5 Pet-Friendly Houseplants and What to Avoid

Olivia Elsher

Feb 21, 2023


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Indoor plants are all the rage as more self-proclaimed “plant parents” took up gardening during pandemic lockdowns. According to a 2021 Garden Center magazine report, indoor plant sales increased 18% year-over-year (YoY) from 2020 to 2021. 

The Floral Marketing Fund’s (FMF) Consumer Houseplant Purchasing Study 2021 further highlighted the dramatic impacts of COVID-19 on the horticultural industry. For instance, 52% of respondents owned one houseplant, while nearly 12% owned more than six. Additionally, about 72% said they strongly agree or agree that their plants make them happier. 

Meanwhile, nearly 23 million households adopted a pet at the height of the pandemic, meaning plant-loving pet parents must find greenery their furry friends can live amongst safely. After all, the last thing any dog mom or cat dad wants is for their beloved pet to get sick. 

Here are five pet-friendly houseplants that are easy to care for and other plants you should avoid to keep your animals safe from harm.

1. Spider Plant

Spider plants are non-toxic to animals and ideal for beginner growers. Usually, spider plants grow between 12 and 15 inches tall with broad, fleshy roots that store water to help the plant survive infrequent watering.

Spider plants might also produce small flowers ideal for propagating and planting in other places during the summer growing season.

2. Boston Fern

Not all ferns are considered pet-friendly houseplants, but the Boston fern is an exception. Its feathery leaves can grow to about three feet long, making this plant a stunning addition to your indoor greenery. 

Boston ferns don’t need much to thrive — keeping them in an area between 60–75° Fahrenheit with indirect sunlight is sufficient. However, providing occasional direct sunlight and humidity can encourage plant growth.

3. Christmas Cactus

According to PetPoisonHotline.com, the white sap in poinsettias might cause mild sickness in cats and dogs, including vomiting, drooling and diarrhea. While a visit to the vet may not be imperative if your faithful friend ingests it — unless symptoms are severe — nobody wants unnecessary trouble or concern during the holidays.

A much safer pet-friendly houseplant is a Christmas cactus. Also known as a “holiday cactus,” these perennials thrive indoors all year round, blooming bright red and pink florals in the winter and every year after with proper care.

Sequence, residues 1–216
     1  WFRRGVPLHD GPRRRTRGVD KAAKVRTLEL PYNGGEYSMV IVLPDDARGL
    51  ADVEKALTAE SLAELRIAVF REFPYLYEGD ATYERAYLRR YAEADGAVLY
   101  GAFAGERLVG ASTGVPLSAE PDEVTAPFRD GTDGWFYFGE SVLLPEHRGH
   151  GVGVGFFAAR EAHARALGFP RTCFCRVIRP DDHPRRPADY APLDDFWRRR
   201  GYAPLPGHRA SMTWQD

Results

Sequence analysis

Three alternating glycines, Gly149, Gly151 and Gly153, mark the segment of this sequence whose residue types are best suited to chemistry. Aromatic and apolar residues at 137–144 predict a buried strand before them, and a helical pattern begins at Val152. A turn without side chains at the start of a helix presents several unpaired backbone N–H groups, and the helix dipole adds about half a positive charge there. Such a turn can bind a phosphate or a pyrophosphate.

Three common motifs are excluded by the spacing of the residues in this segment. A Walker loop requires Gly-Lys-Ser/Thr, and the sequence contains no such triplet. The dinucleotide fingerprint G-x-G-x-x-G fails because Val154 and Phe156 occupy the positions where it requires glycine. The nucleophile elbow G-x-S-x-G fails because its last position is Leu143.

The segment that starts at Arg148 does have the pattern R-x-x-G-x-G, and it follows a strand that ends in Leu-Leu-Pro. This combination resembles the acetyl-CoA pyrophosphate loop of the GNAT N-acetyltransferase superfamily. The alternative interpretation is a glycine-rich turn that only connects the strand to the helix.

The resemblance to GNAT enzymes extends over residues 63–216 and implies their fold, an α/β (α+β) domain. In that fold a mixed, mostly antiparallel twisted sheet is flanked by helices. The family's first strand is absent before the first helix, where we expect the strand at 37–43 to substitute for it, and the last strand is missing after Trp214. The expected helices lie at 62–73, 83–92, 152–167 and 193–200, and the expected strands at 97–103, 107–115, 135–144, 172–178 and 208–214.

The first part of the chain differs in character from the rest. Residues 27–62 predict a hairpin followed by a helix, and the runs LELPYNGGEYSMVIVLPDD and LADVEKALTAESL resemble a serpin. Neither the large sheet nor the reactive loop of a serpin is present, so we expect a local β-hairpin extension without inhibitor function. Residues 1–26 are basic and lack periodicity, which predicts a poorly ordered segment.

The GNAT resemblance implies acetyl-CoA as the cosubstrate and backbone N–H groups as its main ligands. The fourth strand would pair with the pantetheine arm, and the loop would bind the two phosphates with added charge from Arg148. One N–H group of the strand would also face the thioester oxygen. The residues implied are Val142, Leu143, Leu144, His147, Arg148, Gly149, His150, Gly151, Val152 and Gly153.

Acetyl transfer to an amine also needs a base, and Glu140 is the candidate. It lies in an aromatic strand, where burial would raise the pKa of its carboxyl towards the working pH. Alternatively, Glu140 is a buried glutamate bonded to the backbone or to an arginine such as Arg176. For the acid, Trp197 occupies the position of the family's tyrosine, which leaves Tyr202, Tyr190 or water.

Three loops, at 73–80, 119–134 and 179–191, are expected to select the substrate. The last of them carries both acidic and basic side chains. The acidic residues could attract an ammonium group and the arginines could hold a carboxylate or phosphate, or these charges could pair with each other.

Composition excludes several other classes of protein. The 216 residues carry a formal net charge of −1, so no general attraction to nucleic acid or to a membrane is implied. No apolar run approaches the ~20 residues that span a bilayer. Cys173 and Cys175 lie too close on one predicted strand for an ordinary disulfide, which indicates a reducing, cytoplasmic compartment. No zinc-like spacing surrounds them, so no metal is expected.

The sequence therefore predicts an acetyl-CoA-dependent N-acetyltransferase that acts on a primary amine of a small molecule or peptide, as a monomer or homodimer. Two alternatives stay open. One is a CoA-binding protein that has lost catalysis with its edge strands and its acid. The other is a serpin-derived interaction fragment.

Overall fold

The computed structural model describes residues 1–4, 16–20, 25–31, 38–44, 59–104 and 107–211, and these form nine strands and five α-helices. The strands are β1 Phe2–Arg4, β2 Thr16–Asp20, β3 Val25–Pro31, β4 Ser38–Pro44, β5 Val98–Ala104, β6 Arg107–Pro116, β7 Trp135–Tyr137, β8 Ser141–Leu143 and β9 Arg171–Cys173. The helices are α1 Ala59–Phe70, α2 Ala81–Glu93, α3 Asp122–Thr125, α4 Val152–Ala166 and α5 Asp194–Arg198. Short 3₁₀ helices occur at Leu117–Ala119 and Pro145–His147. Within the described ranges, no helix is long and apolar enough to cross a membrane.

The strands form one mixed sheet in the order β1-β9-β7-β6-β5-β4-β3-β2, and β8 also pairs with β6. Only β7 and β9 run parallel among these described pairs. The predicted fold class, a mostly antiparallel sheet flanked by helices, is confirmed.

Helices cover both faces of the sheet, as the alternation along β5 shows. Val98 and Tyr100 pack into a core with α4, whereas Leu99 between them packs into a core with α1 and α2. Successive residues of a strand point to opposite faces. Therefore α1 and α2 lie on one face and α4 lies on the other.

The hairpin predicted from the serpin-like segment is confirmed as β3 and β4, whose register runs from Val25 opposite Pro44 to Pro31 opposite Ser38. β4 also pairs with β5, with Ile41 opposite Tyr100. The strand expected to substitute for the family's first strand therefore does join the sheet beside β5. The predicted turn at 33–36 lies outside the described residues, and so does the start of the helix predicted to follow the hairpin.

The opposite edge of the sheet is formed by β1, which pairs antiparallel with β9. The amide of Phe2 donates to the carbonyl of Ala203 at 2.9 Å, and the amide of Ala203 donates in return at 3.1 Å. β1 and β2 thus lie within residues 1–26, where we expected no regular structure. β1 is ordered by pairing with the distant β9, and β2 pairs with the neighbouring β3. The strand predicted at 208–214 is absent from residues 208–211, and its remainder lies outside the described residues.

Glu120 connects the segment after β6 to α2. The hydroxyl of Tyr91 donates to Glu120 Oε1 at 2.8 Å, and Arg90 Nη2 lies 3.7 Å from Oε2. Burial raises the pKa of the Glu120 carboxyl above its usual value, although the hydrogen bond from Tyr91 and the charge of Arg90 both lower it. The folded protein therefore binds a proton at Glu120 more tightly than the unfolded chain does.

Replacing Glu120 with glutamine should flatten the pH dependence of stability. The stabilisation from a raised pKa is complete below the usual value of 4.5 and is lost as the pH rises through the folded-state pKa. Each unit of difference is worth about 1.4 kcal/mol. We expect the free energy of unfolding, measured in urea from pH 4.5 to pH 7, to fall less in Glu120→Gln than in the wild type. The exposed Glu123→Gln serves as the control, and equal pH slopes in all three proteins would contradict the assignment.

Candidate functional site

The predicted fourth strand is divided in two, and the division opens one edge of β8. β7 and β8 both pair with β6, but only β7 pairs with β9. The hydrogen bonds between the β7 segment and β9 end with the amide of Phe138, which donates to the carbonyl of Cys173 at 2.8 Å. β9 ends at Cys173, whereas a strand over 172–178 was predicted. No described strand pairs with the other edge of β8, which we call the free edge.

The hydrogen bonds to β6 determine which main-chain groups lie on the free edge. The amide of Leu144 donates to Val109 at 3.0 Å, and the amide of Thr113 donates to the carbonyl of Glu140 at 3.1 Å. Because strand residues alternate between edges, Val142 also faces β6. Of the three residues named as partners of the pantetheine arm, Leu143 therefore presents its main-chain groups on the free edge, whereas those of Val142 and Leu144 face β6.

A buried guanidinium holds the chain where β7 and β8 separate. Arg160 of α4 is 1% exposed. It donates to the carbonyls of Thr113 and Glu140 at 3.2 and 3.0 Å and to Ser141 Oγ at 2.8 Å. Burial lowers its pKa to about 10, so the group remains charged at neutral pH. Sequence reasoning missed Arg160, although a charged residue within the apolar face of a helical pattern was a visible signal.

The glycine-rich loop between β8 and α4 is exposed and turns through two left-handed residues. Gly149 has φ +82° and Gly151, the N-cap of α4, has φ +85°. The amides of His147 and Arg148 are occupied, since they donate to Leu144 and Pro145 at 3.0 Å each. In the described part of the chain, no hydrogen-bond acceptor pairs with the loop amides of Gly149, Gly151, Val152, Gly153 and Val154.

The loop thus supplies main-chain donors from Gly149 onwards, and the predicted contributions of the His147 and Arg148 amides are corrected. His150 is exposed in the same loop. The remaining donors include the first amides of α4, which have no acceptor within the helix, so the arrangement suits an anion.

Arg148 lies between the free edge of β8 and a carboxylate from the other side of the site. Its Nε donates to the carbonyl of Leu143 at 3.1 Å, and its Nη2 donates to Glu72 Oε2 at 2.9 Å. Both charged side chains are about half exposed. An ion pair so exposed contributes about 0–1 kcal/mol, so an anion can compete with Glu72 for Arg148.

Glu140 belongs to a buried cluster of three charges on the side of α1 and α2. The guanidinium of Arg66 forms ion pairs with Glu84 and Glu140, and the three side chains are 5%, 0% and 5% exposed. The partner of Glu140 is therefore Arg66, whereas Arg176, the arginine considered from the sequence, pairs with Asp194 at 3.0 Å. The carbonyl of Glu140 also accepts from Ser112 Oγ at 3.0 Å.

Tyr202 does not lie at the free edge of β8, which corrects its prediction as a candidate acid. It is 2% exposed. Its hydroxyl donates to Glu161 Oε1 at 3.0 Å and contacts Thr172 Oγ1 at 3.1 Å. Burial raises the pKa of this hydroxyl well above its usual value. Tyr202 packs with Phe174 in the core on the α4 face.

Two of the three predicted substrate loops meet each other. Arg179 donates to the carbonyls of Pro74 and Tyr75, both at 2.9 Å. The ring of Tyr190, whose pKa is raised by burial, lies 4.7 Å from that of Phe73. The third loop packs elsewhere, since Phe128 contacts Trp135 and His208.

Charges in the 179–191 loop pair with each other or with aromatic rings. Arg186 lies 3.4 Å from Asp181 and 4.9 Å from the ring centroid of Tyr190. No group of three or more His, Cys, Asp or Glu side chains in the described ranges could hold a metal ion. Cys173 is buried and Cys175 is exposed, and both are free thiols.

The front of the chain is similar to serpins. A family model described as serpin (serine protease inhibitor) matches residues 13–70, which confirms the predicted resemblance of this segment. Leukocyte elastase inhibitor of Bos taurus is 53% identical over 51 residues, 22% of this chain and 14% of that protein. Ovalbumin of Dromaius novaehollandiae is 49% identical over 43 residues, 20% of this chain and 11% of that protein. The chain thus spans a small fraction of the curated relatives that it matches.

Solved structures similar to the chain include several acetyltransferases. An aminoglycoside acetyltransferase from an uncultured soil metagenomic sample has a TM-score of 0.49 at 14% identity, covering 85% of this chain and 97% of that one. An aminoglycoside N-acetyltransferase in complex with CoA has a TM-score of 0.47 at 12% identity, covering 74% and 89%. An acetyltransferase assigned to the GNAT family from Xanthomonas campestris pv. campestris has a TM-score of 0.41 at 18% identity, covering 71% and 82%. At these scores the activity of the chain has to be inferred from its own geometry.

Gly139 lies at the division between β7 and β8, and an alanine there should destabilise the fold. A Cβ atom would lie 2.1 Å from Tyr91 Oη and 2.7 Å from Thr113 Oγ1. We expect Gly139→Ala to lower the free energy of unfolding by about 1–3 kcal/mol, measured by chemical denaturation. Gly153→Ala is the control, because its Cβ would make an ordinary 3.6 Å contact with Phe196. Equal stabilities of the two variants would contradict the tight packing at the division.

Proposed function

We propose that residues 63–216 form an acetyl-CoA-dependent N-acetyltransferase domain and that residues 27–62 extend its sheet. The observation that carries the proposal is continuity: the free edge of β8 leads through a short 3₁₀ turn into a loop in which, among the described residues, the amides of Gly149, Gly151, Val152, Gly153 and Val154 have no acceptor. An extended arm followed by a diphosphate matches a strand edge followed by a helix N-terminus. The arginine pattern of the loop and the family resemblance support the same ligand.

Prune your Christmas cactus by twisting the ends or using scissors shortly after it blooms to allow a new growth cycle. Removing up to one-third of the plant per year is possible without harming it. 

4. Hoya Varieties

Plant parents love how hoyas drape over their pots’ sides — a beautiful plant to position on a shelf or bookcase. Even better, the University of Connecticut says all hoya varieties are considered non-toxic to humans and pets and can even improve indoor air quality.

Those prone to loving their plants to death might prefer hoyas’ low-care requirements. Hoyas don’t particularly enjoy being moved around or repotted and require very little light or watering. 

5. Peacock Plant

Few pet-friendly houseplants are as unique and visually captivating as the peacock plant. Perhaps a little trickier to maintain than other indoor flora, peacock plants boast dramatic green, white, gold and burgundy-striped leaves. 

Peacock plants prefer bright sunlight — you’ll even see its leaves move and spread open at the start of the day. Just keep it out of the direct sun to avoid scorching the plant.

Toxic Houseplants to Avoid

Try not to stress too much about buying pet-friendly houseplants. Vertical planting is an easy way to get toxic plants off the floor and away from your fur baby. Just ensure they’re held up with waterproof materials like metal or plastic to prevent damaging walls and floors.

However, seeing that plants tend to shed their leaves and tempt naturally curious cats and dogs, there are certain toxic species you should absolutely avoid.

According to the American Society for the Prevention of Cruelty to Animals (ASPCA), lantana, hydrangeas and azaleas might cause mild stomach upset unless consumed in large amounts. In contrast, the seeds and nuts from sago palms could induce severe symptoms like blood clots, liver damage and death.

Of all the toxic houseplants to avoid, lilies might be the most dangerous for cats. Even licking the pollen off their fur could cause fatal kidney failure within three days, while signs of lily poisoning might appear within the first 12 hours after exposure.

Keep Your Furry Friends Safe With Pet-Friendly Houseplants

With so many pet-friendly houseplants to choose from, you can spruce up your interiors and keep your furry friends safe from harm. Be sure to research a plant’s toxicity to your dog or cat before purchasing to avoid a trip to the vet or worse. 

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